One of the 400 Boston-to-Big Sur elite marathoners interviewed by the entertainment personalities at the finish line was especially inspirational. In addition to running the Boston Marathon 13 days ago, he managed to squeeze in a marathon in Portugal a couple days ago before completing Big Sur in under 4 hours. When asked what allowed him to run over 100 marathons, he answered that in addition to choosing great parents, his secret is to keep moving. The only time he sits still is when he’s on a transatlantic flight.
This attitude echoes that of Diana Nyad who swam an unimaginable 110 miles from Cuba to Florida at the tender age of 64. During an interview with Michael Krasny on KQED’s Forum, she said the secret to her success is being constantly on the move whether running, walking, cycling or any other form of exercise.
As I rode back to where my car was parked in Downtown Monterey, I sat next to Mike from Rochester, NY who just had completed the full race in 3 hours It was the second time he’s run the Big Sur Marathon and his 10th Marathon since his first in Erie, PA in 2013. A TV studio engineer by day he also confirmed that his consistent sub 4 hour finishes are the result of rigorous and continuous training. As a motivated and very self-disciplined athlete, he runs 8 or more miles everyday.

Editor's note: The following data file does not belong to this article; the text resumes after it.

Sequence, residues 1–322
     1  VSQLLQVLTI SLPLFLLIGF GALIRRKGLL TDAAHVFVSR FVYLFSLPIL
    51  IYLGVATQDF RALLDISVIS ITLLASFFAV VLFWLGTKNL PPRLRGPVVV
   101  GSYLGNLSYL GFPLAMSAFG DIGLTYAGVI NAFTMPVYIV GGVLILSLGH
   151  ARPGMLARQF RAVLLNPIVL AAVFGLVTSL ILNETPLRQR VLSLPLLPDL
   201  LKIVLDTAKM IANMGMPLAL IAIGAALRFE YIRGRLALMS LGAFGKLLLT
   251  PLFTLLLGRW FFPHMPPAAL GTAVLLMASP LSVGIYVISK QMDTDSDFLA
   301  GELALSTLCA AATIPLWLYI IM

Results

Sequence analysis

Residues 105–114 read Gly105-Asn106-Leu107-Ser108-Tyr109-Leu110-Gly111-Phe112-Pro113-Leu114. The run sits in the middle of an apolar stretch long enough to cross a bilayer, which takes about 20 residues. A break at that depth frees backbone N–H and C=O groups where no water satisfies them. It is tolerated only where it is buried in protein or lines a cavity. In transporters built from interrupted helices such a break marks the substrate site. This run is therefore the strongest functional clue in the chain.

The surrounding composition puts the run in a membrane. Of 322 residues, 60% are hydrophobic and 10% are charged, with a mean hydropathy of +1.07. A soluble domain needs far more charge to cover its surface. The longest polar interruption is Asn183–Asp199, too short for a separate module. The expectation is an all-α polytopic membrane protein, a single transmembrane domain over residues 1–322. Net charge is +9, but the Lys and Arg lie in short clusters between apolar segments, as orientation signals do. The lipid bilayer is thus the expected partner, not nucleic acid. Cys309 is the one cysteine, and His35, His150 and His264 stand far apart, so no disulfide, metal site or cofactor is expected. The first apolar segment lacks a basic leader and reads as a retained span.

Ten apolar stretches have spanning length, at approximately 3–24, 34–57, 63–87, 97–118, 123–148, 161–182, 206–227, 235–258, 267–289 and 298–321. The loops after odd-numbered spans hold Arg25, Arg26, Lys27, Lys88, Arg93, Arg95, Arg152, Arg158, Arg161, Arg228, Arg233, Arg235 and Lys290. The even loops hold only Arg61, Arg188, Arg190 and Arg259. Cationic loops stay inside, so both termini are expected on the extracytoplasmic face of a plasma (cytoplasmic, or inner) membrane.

I see the verdict more clearly than ever. If I’m going to meet deadlines, run marathons, and constantly push myself to the limits of my potential, I have to structure my life around habits that support my goals.
Journaling on a daily basis and ensuring people in my life understand my priorities and vision for the future, will help turbo-charge my progress. Alone, it’s almost impossible to sustain effective habit change unless I’m living in a vacuum. The people in my life color me, infuse me with their thoughts, ideas, and challenge me when they hold me accountable for my actions.
Plainly, they help me step up and aim high. They each are a part of my accountability system. Like Jean Paul above, even the best among us require a support system to allow us to notice our blind spots and maximize our potential.
And, I have a request of them moving forward. Please call me out when I’m deviating from my goals:
- To sustain and deepen my core relationships. My people are so important to me.
- Scale my company TheBestNotary. There is so much untapped potential here.
- Exercise and meditate daily. Continuous motion and ultimate stillness is vital to my success.
I keep a lot of balls in the air, but one of my greatest desires is to learn from my mistakes and make things right, one action at a time.